The ATOM Project is an international campaign aimed at creating awareness about the consequences of nuclear weapons testing and allows it to do so by listening to the voices and stories of some victims from the Semey test site area. Moreover, supporters of a world free of nuclear weapons and their testing can sign a petition available in different languages and pursue educational resources. Karipbek Kuyukov, who is the Honorary Ambassador of this project, as well as a handless painter, who paints with his mouth and feet, depicts the past through his work and shares his paintings at various exhibitions on a local and on international levels. 

ATOM Project Honorary Ambassador and Nevada-Semey international anti-nuclear weapons activist Karipbek Kuyukov. He was born in a small village of Yegindybulak near the Soviet-era Semipalatinsk Nuclear Test Site. His parents were exposed to the Soviet Union’s nuclear weapons testing at the site and, as a result, Kuyukov, was born without arms. This, however, did not stop him from becoming a recognised painter who has dedicated his art and life to achieving a nuclear weapons free world.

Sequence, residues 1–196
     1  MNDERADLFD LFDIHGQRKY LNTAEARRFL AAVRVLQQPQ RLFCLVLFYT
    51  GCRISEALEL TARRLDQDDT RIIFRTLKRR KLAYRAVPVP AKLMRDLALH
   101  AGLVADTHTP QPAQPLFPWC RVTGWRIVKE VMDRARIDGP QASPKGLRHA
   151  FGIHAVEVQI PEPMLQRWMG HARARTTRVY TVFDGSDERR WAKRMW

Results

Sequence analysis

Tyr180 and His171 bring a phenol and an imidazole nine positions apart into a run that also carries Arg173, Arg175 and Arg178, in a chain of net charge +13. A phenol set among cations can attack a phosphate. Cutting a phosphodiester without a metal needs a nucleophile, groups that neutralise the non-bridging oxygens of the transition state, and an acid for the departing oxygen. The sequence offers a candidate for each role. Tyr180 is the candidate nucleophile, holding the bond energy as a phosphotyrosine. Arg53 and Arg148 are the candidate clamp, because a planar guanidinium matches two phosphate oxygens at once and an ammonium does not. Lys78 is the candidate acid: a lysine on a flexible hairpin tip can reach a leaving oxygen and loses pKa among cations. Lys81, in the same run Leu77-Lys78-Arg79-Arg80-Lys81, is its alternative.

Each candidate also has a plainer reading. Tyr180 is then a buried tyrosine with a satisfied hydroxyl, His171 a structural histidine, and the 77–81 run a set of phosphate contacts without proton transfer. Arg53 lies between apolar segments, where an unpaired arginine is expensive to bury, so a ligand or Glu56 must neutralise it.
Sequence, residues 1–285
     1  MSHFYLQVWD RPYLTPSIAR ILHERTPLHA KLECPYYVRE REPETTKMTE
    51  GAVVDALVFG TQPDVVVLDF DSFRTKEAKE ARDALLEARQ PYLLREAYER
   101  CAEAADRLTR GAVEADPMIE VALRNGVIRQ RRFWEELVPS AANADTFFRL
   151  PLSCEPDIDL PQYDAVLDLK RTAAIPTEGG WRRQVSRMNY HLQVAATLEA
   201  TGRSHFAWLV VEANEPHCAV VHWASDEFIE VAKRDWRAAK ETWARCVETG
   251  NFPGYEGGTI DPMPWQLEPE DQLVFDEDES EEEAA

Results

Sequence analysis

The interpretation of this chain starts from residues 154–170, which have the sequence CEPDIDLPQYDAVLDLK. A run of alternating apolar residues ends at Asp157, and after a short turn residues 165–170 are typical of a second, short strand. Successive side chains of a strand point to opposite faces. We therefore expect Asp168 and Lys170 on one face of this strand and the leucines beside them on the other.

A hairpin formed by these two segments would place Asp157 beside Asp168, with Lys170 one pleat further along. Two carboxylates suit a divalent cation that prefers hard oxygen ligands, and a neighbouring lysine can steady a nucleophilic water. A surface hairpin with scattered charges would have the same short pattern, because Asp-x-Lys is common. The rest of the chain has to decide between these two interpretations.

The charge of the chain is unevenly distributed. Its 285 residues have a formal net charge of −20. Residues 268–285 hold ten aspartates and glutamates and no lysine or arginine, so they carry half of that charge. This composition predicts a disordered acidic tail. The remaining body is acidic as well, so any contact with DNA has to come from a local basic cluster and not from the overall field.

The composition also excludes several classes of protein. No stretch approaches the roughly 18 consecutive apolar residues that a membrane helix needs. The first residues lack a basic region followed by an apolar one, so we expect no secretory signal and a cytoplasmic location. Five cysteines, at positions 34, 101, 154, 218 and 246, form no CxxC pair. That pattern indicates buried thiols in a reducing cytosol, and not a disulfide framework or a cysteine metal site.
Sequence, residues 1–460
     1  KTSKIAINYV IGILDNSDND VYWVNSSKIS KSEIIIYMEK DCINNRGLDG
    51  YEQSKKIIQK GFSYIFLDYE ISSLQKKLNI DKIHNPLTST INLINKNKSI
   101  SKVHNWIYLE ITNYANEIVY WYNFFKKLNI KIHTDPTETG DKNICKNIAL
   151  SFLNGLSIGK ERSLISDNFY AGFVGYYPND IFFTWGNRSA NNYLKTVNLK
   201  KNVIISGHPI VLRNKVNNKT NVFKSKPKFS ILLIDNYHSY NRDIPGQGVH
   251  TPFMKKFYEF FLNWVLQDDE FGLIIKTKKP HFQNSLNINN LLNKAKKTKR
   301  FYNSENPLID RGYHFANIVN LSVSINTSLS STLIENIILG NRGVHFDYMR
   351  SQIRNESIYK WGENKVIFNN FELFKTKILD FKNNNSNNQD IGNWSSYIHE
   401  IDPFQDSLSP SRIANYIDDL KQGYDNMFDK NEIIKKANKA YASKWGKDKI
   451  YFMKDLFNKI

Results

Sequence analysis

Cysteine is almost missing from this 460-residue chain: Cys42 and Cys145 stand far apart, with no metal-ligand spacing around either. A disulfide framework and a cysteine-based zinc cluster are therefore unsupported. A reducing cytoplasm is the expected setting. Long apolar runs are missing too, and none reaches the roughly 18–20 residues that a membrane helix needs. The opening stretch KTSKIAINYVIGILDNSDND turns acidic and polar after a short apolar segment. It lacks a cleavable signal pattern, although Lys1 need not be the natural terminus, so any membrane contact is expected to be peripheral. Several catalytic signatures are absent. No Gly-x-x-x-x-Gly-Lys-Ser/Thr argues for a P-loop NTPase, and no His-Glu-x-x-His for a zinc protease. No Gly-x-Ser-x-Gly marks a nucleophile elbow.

This type of symbolic expression helps to not only see those memories but also to pass them through feeling, experiencing and emotionally re-connecting to the events of the past. There are two memorials that are erected to honor the victims of nuclear testing and Kazakhstan´s contribution for nuclear disarmament: “Stronger than Death” located in Semey opened in 2001 and “Peace Wall” symbolically presented in 2018. These monuments serve as a reminder of past grief as well as to give hope for a safer world step-by-step for present and future generations.